There could be no exchange of radiation thermodynamically through the whole universe, because of the light cone that interactions have to obey due to special relativity and general relativity. The introduction of the inflation period, solved this problem.

If the universe inflated by 20 to 30 orders of magnitude, then the properties of an extremely tiny volume which could have been considered to be intimately connected were spread over the whole of the known universe today, contributing both extreme flatness and the extremely isotropic nature of the cosmic background radiation.

The regions of the universe were "intimately connected" through the quantum mechanical solution to the same boundary conditions.

In addition, the quantum mechanical uncertainties can explain the "kernels" of anisotropy below the uniformity of the CMB as being the ones where matter coagulated into clusters of galaxies and galaxies.


The detailed, all-sky picture of the infant universe created from nine years of WMAP data. The image reveals 13.77 billion year old temperature fluctuations (shown as color differences) that correspond to the seeds that grew to become the galaxies. The signal from the our Galaxy was subtracted using the multi-frequency data. This image shows a temperature range of ± 200 microKelvin

With the above in mind,lets see your last question:

if cosmic inflation causes space to expand rapidly via repulsive gravity (from negative pressure) when the inflaton field is at a high energy point. AND if the inflaton field falling down its energy curve forms matter/energy then How could the CMB have uniformity to the one thousandth degree?

It is a fact that it does.

wouldnt the massive expansion of space make reaching equilibrium impossible

The uniformity is not due to an equilibrium, but to the initial conditions forming the inflation period.

An every day analogue: Shine a red laser on a piece of paper and take a picture. It is uniformly red not because the photons interacted between themselves, but because the were generated with the same boundary condition. If you enlarge the picture on the paper a lot, you will start seeing non uniformites due to the kind of paper you printed it on. or even quantum fluctuations in the lasing process. The low level non uniformities of the CMb are due to the quantum mechanical fluctuations proposed in the inflation model.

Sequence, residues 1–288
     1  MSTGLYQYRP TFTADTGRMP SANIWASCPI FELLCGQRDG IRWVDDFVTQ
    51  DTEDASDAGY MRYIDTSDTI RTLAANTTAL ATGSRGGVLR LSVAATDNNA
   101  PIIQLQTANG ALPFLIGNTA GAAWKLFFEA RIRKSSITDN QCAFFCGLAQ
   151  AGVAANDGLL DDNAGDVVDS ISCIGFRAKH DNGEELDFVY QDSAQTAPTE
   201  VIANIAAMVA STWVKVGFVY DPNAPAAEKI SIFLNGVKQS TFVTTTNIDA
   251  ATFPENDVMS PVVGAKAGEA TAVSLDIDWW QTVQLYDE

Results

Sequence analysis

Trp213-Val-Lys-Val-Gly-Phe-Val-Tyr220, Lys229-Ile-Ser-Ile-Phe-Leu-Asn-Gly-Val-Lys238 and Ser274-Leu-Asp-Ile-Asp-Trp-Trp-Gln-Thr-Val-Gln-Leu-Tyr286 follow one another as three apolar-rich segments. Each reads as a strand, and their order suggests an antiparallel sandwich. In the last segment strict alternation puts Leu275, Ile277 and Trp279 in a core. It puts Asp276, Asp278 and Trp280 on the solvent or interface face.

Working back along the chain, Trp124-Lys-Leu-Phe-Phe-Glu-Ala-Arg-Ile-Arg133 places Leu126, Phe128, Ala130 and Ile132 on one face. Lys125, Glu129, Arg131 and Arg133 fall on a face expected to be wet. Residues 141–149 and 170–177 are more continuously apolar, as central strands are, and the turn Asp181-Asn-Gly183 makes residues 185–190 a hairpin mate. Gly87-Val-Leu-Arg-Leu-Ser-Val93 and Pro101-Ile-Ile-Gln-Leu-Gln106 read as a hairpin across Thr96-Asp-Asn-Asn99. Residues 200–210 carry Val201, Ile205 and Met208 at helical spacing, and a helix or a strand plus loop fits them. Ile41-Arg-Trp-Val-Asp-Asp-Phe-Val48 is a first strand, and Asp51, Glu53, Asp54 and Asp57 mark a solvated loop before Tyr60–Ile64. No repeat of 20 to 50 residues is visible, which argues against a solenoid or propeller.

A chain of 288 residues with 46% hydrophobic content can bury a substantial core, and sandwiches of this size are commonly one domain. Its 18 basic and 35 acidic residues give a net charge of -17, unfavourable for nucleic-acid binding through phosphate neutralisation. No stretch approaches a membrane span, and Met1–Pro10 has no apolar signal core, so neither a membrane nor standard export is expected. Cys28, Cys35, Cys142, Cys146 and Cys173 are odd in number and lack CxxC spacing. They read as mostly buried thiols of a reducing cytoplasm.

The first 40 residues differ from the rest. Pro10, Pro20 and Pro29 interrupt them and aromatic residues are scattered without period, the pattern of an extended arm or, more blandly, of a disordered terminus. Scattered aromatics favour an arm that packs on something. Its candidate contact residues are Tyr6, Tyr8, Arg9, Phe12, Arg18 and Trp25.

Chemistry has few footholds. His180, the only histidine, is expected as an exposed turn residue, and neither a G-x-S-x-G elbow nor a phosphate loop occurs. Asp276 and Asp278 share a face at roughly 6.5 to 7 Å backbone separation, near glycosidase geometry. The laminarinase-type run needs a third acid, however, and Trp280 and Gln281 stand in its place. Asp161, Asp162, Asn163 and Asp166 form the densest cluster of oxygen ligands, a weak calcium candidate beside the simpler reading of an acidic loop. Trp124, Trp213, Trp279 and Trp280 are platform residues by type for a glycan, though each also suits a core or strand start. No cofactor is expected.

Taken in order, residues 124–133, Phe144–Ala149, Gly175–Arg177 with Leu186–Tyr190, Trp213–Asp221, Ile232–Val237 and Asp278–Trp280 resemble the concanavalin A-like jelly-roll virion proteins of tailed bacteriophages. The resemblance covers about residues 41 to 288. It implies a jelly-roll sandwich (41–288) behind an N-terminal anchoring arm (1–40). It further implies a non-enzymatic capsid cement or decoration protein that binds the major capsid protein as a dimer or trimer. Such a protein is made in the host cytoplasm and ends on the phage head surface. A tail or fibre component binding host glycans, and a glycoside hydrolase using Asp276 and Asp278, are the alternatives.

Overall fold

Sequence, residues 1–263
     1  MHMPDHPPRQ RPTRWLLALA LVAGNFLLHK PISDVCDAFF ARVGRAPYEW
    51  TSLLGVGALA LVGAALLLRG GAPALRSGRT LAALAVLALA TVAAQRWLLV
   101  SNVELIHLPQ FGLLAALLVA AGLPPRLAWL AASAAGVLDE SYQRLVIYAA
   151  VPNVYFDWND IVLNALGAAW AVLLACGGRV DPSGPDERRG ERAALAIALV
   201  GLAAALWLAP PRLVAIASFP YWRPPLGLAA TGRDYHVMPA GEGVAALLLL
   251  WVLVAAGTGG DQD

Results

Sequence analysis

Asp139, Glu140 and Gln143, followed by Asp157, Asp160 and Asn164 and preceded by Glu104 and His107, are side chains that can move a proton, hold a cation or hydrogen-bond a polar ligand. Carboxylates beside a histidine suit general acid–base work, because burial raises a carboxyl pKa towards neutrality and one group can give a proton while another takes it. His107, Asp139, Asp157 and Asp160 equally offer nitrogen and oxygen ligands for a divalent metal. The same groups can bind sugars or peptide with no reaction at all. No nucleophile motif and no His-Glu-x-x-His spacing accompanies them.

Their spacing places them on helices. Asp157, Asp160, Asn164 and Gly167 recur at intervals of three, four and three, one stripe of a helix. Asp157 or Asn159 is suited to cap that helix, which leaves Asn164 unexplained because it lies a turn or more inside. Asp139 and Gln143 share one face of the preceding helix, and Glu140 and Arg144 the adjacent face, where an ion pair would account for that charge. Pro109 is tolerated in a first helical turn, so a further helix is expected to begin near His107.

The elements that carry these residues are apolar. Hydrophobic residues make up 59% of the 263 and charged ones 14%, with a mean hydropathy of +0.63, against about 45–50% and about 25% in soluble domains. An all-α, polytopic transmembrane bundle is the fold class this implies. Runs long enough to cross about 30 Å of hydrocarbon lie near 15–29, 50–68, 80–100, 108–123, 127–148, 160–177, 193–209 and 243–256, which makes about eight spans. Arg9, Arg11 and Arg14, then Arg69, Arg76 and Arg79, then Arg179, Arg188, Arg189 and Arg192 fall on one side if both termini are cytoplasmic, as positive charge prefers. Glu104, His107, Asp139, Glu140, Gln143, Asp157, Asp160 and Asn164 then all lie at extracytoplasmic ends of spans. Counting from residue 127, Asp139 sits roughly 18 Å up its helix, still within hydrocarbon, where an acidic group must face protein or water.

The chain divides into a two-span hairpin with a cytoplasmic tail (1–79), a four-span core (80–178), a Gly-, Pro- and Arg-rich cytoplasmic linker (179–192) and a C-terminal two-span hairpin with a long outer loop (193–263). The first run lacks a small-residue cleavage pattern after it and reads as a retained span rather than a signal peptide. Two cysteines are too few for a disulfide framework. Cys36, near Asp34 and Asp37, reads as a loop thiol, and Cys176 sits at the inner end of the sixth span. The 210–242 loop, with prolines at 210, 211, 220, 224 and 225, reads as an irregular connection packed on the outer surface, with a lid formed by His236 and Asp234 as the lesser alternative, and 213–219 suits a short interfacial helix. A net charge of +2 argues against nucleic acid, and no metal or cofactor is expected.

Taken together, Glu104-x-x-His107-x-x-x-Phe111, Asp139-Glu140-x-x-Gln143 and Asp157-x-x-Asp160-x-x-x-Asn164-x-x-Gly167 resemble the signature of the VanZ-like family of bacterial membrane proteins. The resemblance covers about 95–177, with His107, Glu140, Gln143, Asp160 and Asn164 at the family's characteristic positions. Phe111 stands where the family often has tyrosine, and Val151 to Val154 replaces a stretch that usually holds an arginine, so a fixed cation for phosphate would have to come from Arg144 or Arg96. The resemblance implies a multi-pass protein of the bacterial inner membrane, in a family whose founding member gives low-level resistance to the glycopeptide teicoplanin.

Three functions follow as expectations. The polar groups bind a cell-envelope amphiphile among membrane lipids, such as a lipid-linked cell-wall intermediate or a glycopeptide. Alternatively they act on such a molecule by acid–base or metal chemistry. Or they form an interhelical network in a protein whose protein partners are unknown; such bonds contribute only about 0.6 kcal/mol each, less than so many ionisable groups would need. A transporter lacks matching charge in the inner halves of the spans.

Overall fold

• $\begingroup$ Anna, you deserve a medal for that comment. Thank you very very much $\endgroup$ Jun 2, 2017 at 18:37

The short answer is: Before.

The CMB was in fact emitted as a result of non-exotic (baryonic) matter and energy decoupling from each other (Dark Matter and Neutrinos underwent something similar at even earlier times).

Until the CMB was emitted, the Universe was a hot plasma, and photons and particles were in thermal equilibrium. They would collide and scatter against each other, and the constant bombardment of high energy photons would mean no protons and electrons could combine into atoms. This in turn resulted in the Universe being full of electrically charged particles, which meant photons would not travel far before encountering one of those.

The expansion of the Universe led to two things:

  1. Photons were redshifted, became less energetic, and so fewer of them were able to ionize a hydrogen atom.
  2. The distance grew between elementary particles and photons, such that collisions became less likely.

Both these things are actually just two different ways of saying the Universe cooled.

At some point, the cooling reached a critical level, where protons and electrons could combine into atoms without being reionized immediately. This in turn meant that suddenly, the distance between particles became much larger. Photons could travel freely and have done ever since, disregarding certain resonant wavelengths.

This also, importantly, meant that matter and energy fell out of thermal equilibrium. The temperature of photons and of matter have since developed independently.

  • $\begingroup$ Dear Thiveth, can you explain baryonic matter ? I have never heard that description before $\endgroup$ Jun 3, 2017 at 21:04